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For-Profit Charter School Students Doing Better on Math in Michigan, Study Finds

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U.S. Secretary of Education Betsy DeVos' overnight rise from Michigan philanthropist on a mission to spread school choice to the country's top ed job has meant that her favored policies have come under a lot more scrutiny.

And that's particularly true of charter schools run by for-profit companies—something of a controversial idea at least in part because recent research has found that some types of for-profit charter operators, mainly those that educate students online, can have a pretty adverse effect on how students perform academically.

It has been urban, nonprofit charter networks that—in study after study—have shown the most success at raising student test scores, at least for African-American and Latino students.

But findings from a new study by researchers at the University of Michigan's Gerald R. Ford School of Public Policy are intriguing precisely because they run counter to other research and the general narrative that's developed around for-profit charter operators.

Although this latest study is limited to only one for-profit operator, the National Heritage Academy, and it hasn't yet been peer-reviewed, the findings are nonetheless worth exploring.

National Heritage Academy educates 58,000 students across nine states, making it the fourth largest for-profit charter operator in the country, and the largest in Michigan. About two-thirds of Michigan's charter schools are managed by for-profit companies, more than any other state. Unlike the two largest for-profit operators in the country, National Heritage Academy schools are not online schools—all of its students attend school in brick-and-mortar buildings.¬†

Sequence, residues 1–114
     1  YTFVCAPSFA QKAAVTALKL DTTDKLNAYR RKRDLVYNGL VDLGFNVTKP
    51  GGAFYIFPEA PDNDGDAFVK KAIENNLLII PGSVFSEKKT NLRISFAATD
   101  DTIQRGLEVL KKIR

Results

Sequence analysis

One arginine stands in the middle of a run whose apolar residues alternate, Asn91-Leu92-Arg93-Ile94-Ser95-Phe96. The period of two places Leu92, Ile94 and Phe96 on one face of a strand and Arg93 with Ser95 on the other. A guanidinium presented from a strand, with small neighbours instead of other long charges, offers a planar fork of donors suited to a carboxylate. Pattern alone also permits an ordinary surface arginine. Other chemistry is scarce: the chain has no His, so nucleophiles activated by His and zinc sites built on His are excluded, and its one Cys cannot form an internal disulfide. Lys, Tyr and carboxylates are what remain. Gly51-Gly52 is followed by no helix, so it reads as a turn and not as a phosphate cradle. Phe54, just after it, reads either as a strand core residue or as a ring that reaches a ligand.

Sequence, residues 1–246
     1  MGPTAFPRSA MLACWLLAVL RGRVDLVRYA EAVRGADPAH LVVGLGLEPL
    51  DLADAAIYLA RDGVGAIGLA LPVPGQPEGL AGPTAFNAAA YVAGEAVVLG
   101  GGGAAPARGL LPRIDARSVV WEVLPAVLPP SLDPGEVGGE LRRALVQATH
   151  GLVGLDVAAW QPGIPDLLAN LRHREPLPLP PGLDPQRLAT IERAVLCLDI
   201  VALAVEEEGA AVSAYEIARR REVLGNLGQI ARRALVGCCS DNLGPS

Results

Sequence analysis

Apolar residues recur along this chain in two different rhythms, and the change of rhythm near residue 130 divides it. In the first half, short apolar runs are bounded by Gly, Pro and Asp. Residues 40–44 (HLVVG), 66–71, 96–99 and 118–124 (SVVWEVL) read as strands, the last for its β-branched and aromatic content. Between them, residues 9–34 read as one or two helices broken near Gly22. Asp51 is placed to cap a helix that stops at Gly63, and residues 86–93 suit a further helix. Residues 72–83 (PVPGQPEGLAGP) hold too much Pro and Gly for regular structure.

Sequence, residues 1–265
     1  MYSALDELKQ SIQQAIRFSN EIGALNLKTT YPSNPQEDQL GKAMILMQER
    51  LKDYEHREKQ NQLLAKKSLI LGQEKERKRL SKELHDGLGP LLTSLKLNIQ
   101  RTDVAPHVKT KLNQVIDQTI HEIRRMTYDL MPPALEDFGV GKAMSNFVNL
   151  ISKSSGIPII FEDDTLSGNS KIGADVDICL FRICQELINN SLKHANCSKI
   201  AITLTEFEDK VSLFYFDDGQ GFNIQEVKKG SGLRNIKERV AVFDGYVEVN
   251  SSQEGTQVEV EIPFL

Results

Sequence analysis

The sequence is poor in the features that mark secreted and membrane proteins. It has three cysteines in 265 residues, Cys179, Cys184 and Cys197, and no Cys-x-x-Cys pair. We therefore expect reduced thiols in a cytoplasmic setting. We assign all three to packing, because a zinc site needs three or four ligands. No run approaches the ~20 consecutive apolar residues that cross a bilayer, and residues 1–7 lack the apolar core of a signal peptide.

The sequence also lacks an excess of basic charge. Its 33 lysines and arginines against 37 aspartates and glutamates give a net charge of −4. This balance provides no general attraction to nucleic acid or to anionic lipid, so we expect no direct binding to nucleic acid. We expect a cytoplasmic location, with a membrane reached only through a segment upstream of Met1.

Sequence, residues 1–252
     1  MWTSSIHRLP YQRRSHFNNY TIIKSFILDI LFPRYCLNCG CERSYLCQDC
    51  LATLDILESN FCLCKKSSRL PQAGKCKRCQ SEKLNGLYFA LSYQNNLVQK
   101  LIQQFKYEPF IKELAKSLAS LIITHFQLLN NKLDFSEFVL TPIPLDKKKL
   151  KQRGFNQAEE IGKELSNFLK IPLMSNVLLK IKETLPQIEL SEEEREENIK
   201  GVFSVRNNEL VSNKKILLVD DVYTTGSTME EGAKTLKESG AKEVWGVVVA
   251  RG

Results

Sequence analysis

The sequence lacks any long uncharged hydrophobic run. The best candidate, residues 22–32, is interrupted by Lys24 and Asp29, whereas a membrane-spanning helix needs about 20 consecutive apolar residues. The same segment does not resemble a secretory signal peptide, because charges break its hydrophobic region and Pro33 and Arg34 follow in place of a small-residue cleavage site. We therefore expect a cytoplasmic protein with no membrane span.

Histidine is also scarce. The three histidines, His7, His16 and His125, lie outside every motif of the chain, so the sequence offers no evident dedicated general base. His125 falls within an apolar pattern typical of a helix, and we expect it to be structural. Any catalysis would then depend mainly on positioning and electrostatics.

The researchers only looked at Michigan students, and they found that attending a National Heritage Academy school for one year gave students a moderate academic boost in math, and had no statistically significant effect on student reading scores one way or the other. A 2013 study by Stanford University's Center for Educational Outcomes, or CREDO, that examined the performance of charter networks across the country also found that National Heritage Academy was among those that improved student academic achievement.

Furthermore, the University of Michigan researchers found that the students who benefited the most from attending a National Heritage Academy school were blue-collar and middle-income white and Asian students living in towns and suburban areas.

That's not to say that black and Latino students don't get a boost from attending a National Heritage school—the researchers just aren't sure because such students were less likely to enroll at a National Heritage school and those that did enroll attended the schools for shorter periods of time than their wealthier white and Asian peers.